Inspirational Articles

Stress Strategies

Stress Strategies

By Gord Riddell and Kathy Ryndak

As we move into December, many of you are probably noting how much stress people seem to carrying around. From personal, to business to politics, the world around is becoming one stressed out mess. With Season of light upon us and we all know that, while most of us love it, it is also very stressful. Perhaps this would be a good opportunity to look at de-stressing tools so that we are not carrying quite as much stress into the Holiday season or just in our lives, period. Many of these things you will look at and think I already know that. Yes, you probably do know that but do you implement them! What we know and what we do are often two very different things.

As stress has a way of becoming all encompassing, its affects are cumulative, meaning just a night’s sleep or a weekend away will not erase the physical and emotional impact it has on us. With high levels of stress eventually everything feels like a burden. It is important to sort through all aspects of your life and try to clearly identify what is the primary cause of your stress. Is it personal, your lifestyle, is it with your job, your spouse, or is being subjected to the negativity of the media and world at large that is finding its way to a stressful level in your beingness.

A De-Stress Plan

  1. Once you can identify the clearest cause of stress, see if there is anything that can be done to reduce the impact of the situation. Even if you cannot immediately do something, develop a plan that will move you towards releasing yourself from stress. Having a plan will help you feel like you are doing something about it. A proactive focus will help you stop feeling victimized and give you a new direction.
  2. Focus on all the good things in your life that give you a sense of relief, fun, even joy. If you have said nothing, then you need to dig a bit deeper. We all have things that make us feel good, like walking in nature, being with our pets, socializing with people who do not drain us, are examples. Having offsets or healthy escapes have a strong impact in neutralizing the negative hormones that are released when we experience a lot of stress. While some may think that the use of alcohol, food and/or recreational drugs is helpful, in the long run, they are not. They are a band aid solution only, providing a temporary diversion and can cause longer term problems. When long term stress is taking its toll a more permanent solution is required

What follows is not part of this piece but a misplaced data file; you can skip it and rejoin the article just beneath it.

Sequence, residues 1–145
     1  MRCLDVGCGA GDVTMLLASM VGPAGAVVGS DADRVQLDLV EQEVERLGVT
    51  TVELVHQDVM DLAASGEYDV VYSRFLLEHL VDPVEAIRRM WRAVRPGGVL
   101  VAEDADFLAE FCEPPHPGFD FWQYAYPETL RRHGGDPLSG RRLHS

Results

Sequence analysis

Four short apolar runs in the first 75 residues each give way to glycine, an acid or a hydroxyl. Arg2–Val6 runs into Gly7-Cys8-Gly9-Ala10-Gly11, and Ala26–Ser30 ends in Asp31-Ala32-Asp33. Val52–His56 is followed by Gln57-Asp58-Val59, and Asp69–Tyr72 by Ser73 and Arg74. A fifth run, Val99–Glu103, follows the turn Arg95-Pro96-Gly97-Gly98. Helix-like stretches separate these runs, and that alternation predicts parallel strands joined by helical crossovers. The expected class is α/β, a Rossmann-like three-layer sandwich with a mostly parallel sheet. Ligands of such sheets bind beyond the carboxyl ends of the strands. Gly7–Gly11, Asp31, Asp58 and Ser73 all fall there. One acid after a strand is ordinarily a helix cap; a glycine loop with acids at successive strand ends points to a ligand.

3. How are you taking care of yourself during stress? We know that the more stressed we become the less likely we are to take care of our self. So look at the very basics. Eating properly, sleeping the right amount for you. Exercise is very important and can be as simple as going for a walk around the block. Have a massage.
  4. Talk about it, journal about it. Don’t burden your friends, they have their own stresses. Going over and over your stress keeps it too close to the surface causing more dismay. Work with someone who not only gives you some air time and help you to release any emotions building up in your life; but can help you develop a plan to better alleviate your experience with stress.
  5. Take time to breathe, by that we mean deeply. It is our best natural stress reducer. You can do it anywhere and at any time. At the office, in your car or on the subway you can take a deep breath. The more stressed we are the more shallow our breathing becomes. Deep inhales and exhales remove a lot of stress and toxins from our bodies.
  6. Spiritual tools include, again deep breathing with our eyes closed, meditation, prayer, contemplation, affirmations and visualizations. A simple one is close your eyes and imagine you are at your favourite place, real or imagined, and allow yourself, even 10 minutes, to enjoy the sense of serenity and peace.

The thing we want to do is refocus our brain away from the stress cycle to one which calms us and gives us a sense of feeling refreshed and a bit more energized. The more regularly you do these things, the greater the results. Sometimes in order to help remove stress we may need to make changes, sometimes big changes. This may result in feeling even more stressed but it is only while you are attempting to make changes in your life. Remember all change is stressful even good change!

Most illnesses and the leading causes of death can be attributed to stress and lifestyle choices. The choices we may make to help us deal with stress can have long term damaging and often irreversible effects. High blood pressure and elevated cholesterol are factors leading to heart disease and stroke. Both are mostly caused from lifestyle choices.

You may already know all this but are you doing any of it! Even implementing a couple of the above suggestions can give that little extra support until the stressors in your life shift.


Gord Riddell and Kathy Ryndak are therapists and co-founders of the Transformational Arts College of Spiritual and Holistic Training. The College offers professional training programs in Spiritual Psychotherapy and Holistic Health Care. The Holistic Health Care Training Program has a part-time class starting in January 2011. It also offers Personal and Spiritual Growth Courses through a 10 part program “Discovering the Total Self”. Next start date is also January.